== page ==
John Wilson | National ReviewWhen you reach a certain age, as I have, everything reminds you of something and often of someone. Thinking about this column, I remembered a day in , around this time of year, when I saw an unfamiliar logo on the shelf of Bungalow News in downtown Pasadena, where I was a very regular customer. Just a few months later—in August—the Gulf War began, a turning point from which so much of our subsequent national history has proceeded. In , Wendy and I had been married for twenty-two years, and three of our children who turned twelve, nine, and six in the course of that year were still at home; our eldest twenty years old that September was at Middlebury. Soon we were close friends our kids grew up in his store. I once saw Richard Feynman browsing the shelves.
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T he national consensus seems to be that more is better. Make them gargantuan, to the point of parody. Praise songs? Baseball on TV? Put three announcers in the booth, plus another down on the field, and have them talking all the time.
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We have been delighted to have John on staff, and his work is already bearing fruit: He has identified excellent books to feature that would not otherwise have been on our radar; he found new reviewers to write for us including Philip Jenkins ; and he has thoughtfully written columns for our recent issues. Continue Reading…. Broadly speaking, a classic is any book that is not a new book, or in other words that is worth reading five, ten or even one hundred years after its initial publication. He received a B. Archives For John Wilson. Celebrate John Wilson With Us!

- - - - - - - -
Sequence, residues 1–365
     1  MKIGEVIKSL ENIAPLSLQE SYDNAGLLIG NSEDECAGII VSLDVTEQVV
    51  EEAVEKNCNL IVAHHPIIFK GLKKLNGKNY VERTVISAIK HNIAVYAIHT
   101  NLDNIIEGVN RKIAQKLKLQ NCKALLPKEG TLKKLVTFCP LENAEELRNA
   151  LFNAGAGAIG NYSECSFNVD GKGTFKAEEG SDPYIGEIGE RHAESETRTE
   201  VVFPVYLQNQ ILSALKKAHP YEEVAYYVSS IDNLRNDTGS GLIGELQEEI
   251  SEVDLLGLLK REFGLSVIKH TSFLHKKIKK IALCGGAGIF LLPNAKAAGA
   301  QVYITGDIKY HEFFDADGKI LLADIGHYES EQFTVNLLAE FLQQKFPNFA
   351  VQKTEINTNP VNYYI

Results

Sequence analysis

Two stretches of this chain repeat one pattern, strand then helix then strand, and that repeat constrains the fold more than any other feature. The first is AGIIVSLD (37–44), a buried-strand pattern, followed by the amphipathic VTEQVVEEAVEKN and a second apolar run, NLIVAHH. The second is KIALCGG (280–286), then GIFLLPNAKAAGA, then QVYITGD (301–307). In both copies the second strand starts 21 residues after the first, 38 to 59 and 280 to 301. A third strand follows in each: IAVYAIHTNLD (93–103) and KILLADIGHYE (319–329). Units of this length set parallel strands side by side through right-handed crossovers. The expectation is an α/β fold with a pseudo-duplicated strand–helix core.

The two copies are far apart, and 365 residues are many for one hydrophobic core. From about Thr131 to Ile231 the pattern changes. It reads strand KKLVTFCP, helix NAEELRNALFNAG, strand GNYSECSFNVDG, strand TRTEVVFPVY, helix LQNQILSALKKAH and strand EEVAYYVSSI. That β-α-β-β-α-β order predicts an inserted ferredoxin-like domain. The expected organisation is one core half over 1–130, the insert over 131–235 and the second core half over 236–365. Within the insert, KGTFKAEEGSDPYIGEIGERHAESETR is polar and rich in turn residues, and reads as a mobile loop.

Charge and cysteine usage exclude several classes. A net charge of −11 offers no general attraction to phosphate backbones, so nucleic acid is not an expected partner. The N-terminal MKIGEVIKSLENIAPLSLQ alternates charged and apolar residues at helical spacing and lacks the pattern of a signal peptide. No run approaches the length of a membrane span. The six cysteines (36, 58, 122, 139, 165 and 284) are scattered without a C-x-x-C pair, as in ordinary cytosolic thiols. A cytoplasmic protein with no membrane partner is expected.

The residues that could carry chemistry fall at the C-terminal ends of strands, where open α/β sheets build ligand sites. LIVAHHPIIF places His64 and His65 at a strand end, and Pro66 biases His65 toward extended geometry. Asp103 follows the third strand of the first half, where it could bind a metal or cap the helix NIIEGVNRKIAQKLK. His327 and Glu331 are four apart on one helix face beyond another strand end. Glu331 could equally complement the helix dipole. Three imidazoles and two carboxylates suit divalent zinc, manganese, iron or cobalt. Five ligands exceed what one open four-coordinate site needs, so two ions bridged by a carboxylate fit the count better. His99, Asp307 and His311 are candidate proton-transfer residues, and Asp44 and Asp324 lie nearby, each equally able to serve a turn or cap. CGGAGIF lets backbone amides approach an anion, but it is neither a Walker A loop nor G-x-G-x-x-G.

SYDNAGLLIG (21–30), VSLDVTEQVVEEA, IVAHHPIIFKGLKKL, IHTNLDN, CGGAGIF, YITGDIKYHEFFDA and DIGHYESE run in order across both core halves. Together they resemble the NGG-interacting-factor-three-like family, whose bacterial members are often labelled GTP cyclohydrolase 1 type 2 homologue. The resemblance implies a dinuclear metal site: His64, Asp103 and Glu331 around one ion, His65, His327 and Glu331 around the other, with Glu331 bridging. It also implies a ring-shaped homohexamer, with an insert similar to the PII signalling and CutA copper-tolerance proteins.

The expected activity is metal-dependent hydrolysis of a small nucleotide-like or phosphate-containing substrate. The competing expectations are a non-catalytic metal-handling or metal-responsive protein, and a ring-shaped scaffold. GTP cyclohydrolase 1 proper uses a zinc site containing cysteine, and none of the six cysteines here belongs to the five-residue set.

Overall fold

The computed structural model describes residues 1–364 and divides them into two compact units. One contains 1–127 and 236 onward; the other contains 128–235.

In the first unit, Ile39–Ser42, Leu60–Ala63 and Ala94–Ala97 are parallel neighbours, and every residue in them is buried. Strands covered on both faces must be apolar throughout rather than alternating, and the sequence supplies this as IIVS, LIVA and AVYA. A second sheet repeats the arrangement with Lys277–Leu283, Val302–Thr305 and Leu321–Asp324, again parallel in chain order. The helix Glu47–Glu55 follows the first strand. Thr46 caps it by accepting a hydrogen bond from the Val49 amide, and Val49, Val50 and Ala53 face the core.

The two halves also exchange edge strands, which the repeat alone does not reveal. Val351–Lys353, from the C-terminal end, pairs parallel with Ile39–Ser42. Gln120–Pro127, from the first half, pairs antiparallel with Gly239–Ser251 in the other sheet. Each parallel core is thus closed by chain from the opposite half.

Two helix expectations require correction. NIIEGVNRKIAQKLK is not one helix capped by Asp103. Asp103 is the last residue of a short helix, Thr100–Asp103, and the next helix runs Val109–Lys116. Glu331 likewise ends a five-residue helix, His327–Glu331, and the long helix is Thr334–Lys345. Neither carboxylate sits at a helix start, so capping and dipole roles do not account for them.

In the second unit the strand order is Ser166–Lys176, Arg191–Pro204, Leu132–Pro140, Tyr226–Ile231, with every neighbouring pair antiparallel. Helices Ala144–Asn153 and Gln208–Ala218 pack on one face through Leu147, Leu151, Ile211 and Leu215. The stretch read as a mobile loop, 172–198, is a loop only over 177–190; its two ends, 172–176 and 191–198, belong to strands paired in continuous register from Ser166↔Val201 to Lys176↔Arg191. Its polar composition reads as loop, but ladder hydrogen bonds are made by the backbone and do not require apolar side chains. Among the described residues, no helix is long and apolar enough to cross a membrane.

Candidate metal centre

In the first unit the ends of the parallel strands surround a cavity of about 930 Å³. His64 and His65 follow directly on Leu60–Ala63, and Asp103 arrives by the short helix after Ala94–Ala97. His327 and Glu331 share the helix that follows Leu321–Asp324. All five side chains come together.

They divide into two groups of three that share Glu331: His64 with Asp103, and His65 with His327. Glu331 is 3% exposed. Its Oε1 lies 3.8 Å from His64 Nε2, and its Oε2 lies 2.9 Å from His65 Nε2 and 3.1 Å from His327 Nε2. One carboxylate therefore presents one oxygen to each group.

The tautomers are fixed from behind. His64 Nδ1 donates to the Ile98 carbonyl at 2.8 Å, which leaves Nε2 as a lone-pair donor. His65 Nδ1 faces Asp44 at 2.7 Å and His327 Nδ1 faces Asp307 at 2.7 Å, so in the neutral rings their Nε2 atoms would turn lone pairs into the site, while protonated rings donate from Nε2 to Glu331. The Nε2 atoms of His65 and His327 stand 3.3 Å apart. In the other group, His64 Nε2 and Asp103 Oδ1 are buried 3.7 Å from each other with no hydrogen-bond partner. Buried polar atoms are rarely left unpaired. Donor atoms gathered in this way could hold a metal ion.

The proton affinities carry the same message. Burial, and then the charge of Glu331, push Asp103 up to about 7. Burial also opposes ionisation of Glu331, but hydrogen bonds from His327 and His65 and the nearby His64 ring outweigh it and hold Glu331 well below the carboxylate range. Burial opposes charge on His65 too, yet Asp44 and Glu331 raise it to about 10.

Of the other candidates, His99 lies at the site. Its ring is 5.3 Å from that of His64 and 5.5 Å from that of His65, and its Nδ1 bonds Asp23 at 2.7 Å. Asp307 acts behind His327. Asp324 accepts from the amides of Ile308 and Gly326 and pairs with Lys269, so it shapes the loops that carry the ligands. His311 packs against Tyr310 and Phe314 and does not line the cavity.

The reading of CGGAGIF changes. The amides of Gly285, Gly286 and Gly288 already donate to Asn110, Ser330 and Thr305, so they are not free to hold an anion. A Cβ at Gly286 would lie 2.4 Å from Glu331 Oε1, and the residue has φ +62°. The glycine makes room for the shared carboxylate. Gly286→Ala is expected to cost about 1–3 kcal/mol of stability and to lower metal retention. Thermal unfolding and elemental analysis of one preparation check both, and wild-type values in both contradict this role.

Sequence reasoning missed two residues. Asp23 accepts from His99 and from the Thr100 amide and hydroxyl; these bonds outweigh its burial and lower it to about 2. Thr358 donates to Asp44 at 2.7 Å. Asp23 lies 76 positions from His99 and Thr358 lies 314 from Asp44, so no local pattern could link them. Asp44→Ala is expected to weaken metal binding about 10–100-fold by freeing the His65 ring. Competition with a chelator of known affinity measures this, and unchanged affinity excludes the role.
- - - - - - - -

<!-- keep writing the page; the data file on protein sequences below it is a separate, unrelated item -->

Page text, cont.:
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While the magazine's center is Christian, we seek common ground with like-minded souls from other communities of faith. He received a B.
For twenty-one years, Books and Culture has been one of the most consistently interesting magazines in the English-speaking world. I have often been surprised at the number and range of people who agree with me about that. Cullen Murphy, former editor of the Atlantic , told me that John Wilson is the best editor in the business. This is an immensely distressing state of affairs, for anyone who cares about the state of Christian intellectual life, and I hope there will be some thoughtful post-mortems on the whole business. But for now, I just want to thank John Wilson for the consistently superb work he has done on this magazine for twenty-one years. He has recruited first-class writers, paired them with fascinating books, found ways to juxtapose reviews on similar themes — he has done it all. And for me personally, working with John over the years has been enormously rewarding and enjoyable.
The setting is Colorado in , but Pynchon has his eye on the present. In their fictional guise, evangelicals and their kin — fundamentalists, Pentecostals and all manner of weird cultists calling fervently on the name of Jesus — are usually side characters, rarely protagonists, except, of course, in the alternative universe of so-called Christian fiction, where all the protagonists are evangelicals, and in coming-of-age stories in which a youthful protagonist attains enlightenment and leaves faith behind. Charmless, ignorant, homophobic and either brazenly hypocritical or obnoxiously sincere, they quote Scripture unctuously and have bad sex. A reader who moves from the fiction shelf to the stacks of reportage and commentary may experience cognitive dissonance. The evangelical buffoons who populate so many novels these days seem hardly capable of organizing a local witch-burning, yet their nonfictional counterparts are said to be on the verge of turning these United States into a theocracy.